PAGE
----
Sunday, December 16, 2012

I am Amos

"I am Amos, hear me snore
See me stretched out on the floor
And I'm slow - too much to try and start again
'Cause I do just what I want
I'm a Peke and I can rant
No one's ever gonna change my royal reign

(You can hum this to Helen Reddy's "I am Woman")

We are learning that Pekes NEVER do anything unless they think it's their idea - and it needs to be a truly splendid idea too.

So when it's supper time, he throws his head from side to side :

"Oh look how cute I am - I might lick a plate
 look at this Peke, I smile and I speak
Now gimme that treat! "

I made the mistake tonight of trying to take him for a (short) walk down the road, because we thought the lad might be sleeping a tad too much. Y' know "healthy mind, healthy body" - a walk a day keeps the doctor away - kind of thing.

The problem of course is that Amos' idea of going for a walk, is rushing to the side of the car and screaming for me to open the door so he can get in. Thence to be propelled in great style round the village, courtesy of the internal combustion engine....

And (naturally), he's not trained to walk on a leash. Why would he be? Nobody's ever had the temerity to try and actually make him walk - until now. So - on goes the harness (which is a wonderful adjustable contraption, orange in colour, and it gets clipped to the leash - just so.

And Amos sprints to the car. And stops dead.

" OEAGHHAGHOAAWAWWAWWAWWAW" , he intones. At full volume. And of course, the neighbouring dogs (and the neighbourhood dogs) prick up their ears and take an interest, and start barking at full volume.

But worse is to come. Hell bent on destroying what's left of my tattered reputation, I bravely cluck him into venturing outside the front gate. Wherapon he sits his backside firmly on the ground and : "WORRAWORRAWORRAWAWWAWWAW" at full volume. The next door dogs are now getting their juices nicely up and working, and are starting to rev.

So in desperation, I scoop him up and escort him to the other side of the stop street, some 50m from the front gate. Hopefully he will now breathe in the scents of evening and condescend to trot along happily in the gathering gloom (I chose gloom to make it harder for anyone to identify me).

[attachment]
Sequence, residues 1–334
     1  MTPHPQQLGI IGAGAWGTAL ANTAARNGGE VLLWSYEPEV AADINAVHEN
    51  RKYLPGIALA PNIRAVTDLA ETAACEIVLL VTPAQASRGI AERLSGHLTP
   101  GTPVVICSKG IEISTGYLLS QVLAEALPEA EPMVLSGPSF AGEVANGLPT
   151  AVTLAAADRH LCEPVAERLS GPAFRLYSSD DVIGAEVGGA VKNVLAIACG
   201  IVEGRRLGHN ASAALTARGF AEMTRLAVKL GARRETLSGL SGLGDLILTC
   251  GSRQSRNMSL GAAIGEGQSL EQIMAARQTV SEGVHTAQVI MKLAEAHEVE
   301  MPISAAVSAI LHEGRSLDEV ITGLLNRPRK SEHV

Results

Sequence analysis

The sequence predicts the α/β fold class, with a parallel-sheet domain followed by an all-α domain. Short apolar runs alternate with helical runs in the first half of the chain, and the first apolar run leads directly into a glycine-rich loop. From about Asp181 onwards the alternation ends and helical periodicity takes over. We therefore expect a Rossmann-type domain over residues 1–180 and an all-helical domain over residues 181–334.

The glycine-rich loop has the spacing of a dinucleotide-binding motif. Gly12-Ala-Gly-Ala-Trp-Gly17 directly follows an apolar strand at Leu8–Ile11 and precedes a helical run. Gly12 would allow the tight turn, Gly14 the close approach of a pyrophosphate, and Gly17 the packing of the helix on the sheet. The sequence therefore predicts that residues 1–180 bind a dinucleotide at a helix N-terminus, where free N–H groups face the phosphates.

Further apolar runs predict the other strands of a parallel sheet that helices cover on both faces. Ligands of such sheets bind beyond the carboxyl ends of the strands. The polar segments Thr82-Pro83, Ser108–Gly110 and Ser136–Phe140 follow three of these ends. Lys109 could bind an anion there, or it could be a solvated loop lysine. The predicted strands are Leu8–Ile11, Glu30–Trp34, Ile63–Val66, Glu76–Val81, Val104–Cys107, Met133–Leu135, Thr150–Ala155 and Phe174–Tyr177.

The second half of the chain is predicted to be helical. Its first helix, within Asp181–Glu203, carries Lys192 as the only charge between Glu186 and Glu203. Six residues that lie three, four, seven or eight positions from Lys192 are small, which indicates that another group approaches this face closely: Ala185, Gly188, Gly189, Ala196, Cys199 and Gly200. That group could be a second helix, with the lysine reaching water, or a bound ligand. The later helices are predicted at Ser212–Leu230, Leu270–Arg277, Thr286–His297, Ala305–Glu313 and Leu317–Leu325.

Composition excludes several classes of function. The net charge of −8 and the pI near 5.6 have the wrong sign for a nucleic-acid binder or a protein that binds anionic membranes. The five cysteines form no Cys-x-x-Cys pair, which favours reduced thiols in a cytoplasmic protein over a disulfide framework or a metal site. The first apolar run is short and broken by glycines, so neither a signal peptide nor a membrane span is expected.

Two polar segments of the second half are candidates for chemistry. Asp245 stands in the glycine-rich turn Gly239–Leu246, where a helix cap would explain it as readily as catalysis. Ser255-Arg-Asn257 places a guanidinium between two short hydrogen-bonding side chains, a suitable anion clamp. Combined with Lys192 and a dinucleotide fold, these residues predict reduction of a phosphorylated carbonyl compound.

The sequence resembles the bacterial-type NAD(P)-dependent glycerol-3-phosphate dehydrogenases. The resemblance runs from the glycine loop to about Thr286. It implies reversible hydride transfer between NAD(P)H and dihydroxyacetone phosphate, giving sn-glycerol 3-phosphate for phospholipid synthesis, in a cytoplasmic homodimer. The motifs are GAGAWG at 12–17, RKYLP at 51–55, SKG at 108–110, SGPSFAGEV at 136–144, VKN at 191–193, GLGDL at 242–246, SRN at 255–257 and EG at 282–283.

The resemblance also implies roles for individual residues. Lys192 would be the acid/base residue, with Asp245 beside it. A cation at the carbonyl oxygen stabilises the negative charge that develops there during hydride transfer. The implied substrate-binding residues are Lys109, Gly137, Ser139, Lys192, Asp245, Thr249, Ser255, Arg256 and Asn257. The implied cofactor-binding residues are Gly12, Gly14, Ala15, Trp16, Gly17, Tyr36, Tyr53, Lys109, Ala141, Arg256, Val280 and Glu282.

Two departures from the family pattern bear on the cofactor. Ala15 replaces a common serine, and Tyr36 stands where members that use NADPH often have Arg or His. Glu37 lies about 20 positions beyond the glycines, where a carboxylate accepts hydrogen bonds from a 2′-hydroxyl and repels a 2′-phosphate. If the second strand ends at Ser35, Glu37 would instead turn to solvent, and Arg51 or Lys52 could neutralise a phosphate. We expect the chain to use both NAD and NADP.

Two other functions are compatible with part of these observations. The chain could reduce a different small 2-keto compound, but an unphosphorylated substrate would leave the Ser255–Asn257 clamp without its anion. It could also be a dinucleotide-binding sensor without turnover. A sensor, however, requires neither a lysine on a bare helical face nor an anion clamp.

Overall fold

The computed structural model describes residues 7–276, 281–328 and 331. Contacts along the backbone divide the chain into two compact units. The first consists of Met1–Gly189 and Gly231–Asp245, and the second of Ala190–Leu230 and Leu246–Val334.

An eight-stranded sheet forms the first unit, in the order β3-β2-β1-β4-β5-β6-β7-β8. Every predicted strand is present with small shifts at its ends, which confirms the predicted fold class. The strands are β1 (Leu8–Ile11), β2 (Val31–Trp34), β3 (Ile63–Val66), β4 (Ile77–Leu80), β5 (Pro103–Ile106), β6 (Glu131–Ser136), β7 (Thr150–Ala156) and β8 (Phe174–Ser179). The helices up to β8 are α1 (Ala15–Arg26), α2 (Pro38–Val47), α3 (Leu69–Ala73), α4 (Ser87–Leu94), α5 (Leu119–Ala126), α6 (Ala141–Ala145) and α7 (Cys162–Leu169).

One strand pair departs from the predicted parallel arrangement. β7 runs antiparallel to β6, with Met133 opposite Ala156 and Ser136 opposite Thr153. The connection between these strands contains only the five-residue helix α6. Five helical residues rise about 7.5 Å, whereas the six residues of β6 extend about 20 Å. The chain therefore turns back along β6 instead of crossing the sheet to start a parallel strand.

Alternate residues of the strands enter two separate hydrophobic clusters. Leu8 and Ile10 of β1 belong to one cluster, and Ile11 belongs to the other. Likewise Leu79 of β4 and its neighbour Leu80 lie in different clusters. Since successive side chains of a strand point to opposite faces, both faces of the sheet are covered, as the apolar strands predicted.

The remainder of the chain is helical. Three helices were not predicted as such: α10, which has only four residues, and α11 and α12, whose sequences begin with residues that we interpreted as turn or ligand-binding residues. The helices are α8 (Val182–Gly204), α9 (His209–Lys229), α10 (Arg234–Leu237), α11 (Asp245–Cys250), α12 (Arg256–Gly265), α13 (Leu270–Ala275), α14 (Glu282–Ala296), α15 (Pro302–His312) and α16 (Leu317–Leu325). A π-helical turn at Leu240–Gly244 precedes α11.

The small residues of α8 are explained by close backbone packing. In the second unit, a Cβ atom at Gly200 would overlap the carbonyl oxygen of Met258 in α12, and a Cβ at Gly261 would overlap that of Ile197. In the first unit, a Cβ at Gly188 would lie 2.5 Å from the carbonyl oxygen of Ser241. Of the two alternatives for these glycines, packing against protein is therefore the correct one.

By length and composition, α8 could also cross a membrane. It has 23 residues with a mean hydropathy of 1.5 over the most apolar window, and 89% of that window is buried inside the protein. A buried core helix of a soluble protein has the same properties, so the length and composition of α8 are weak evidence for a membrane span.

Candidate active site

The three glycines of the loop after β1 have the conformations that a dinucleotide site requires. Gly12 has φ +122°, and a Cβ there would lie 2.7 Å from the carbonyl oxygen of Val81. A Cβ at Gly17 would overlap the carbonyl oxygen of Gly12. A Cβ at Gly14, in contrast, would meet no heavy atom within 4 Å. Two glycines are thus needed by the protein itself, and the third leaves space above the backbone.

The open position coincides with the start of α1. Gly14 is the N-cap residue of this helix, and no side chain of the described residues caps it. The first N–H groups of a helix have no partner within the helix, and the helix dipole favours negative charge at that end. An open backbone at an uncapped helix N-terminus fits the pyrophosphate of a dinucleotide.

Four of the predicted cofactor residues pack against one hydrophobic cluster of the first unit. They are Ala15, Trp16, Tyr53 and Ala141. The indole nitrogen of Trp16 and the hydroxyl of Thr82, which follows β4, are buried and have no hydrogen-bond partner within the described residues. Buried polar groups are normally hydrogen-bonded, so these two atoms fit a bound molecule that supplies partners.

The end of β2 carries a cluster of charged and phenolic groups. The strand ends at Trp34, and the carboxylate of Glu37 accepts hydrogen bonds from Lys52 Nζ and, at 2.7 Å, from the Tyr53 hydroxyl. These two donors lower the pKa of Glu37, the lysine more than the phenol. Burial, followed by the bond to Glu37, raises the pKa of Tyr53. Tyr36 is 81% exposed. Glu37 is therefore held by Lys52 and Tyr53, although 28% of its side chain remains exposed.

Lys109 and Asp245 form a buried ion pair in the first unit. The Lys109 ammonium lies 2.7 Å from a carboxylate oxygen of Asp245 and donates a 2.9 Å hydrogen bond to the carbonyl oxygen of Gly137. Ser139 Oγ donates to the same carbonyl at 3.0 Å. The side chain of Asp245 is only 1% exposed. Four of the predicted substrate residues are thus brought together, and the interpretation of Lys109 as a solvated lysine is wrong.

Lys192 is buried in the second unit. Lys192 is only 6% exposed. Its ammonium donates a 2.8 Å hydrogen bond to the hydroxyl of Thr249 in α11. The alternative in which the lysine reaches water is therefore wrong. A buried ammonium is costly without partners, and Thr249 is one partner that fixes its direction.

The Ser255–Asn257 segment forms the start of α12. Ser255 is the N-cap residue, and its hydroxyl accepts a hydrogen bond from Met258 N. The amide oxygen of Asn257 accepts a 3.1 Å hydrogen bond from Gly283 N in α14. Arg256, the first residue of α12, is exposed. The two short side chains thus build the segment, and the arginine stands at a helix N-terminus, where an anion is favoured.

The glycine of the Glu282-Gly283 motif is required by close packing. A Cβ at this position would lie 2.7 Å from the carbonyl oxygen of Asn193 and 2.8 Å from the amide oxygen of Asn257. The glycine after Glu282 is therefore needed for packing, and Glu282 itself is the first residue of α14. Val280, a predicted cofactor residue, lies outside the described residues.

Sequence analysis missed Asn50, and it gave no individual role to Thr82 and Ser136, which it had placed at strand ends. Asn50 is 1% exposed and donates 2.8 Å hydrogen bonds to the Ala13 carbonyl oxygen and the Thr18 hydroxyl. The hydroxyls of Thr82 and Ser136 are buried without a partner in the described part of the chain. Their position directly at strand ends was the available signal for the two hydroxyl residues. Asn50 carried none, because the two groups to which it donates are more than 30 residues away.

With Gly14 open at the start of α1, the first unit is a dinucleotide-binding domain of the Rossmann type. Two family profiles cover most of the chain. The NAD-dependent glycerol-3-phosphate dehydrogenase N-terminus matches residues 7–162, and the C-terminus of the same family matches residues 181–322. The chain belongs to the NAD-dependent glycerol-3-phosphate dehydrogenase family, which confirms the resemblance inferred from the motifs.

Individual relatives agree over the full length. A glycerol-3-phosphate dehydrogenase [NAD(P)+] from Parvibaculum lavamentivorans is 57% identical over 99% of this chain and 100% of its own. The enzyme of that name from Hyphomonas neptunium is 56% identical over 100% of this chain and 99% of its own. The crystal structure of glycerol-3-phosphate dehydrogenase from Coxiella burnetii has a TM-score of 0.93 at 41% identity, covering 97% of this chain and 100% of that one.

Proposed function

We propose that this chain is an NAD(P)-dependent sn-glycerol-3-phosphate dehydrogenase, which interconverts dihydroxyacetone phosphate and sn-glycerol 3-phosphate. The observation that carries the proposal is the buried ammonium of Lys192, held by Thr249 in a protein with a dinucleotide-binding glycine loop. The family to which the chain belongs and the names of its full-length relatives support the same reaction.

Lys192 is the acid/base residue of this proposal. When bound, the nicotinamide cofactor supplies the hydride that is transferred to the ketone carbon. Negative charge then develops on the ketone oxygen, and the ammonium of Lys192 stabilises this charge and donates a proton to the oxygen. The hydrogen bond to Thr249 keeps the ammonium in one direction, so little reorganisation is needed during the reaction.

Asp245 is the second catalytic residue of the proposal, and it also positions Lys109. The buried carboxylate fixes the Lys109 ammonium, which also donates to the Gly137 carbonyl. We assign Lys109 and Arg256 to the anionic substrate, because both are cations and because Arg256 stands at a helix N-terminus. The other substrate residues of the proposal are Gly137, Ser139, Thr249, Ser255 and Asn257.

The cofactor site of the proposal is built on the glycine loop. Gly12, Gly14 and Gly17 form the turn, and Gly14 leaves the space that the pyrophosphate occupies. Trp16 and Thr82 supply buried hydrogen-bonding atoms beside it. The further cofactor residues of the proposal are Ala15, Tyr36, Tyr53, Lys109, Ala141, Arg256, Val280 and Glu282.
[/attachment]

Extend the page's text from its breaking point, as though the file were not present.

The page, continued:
No such luck. He has been silent under my arm, but when I put him down, its "WORRAWORRAWORRAWAWWAWWAW" again, in a rich variety of choral tones. Freely translated, it means "Oy! come and look at this bastard maltreating me. He's taking me to the Tower of London, where he will put me on the rack and stick hot pokers up my ass". And of course, unless I take action immediately, the locals are sure to stick their heads out of the windows and wonder why the guy down the road is persecuting his pets. One can never be too careful in a small village.

So I cheerfully cluck and whistle, and - surprise!  - the lad charges ahead. "Oh good", I think, "we're going to have a little fun. I'm going to stroll in a leisurely manner and Amos is going to start to take in the heady evening scents and have a little fun". And of course, I'm wrong. He charges two metres and stops dead. Then ducks his head down and buries it in the dirt on the side of the road, apparently trying to emulate some sort of digging machine. And this process is repeated a couple of times.

(I would like to mention here that I worked quite hard this morning in very sweaty conditions to wash and groom the boy, so I'm not altogether enchanted with the prospect of our pet grinding the top of his skull through the substrate, en route to some nether region several hundred meters below ground level). But what the hell do I matter?

He then adds insult to injury by coughing up a lungful of foam, just to show me how little he is enjoying this walk. So I give up. I pick him up under one arm, and peace is restored immediately. As I walk the 100m or so back home, I have to endure the local youths "Hey mister, that's a nice dog". "Yes he is", I reply through gritted teeth.

"What sort of dog is he?"
"He's a Pekingese", I reply, trying not to burst into tears.

And the moment I open the gate, and slide the reluctant lad into the property, removing his harness and leash? He bounds forth, wagging furiously. Can't wait to get back inside.

Sigh. At least I now know. No pleasant walks with camera in hand, ambling along while Amos enjoys his surroundings. I'll have to go on my own.

He's getting as much exercise as he wants, in the back garden....


  1. Thanks for that.
    Just saw my bank statement and needed some laughter.
    At least I don't have a Pekinese.

  2. keep smiling! A peke forces one not to take oneself too seriously....!!!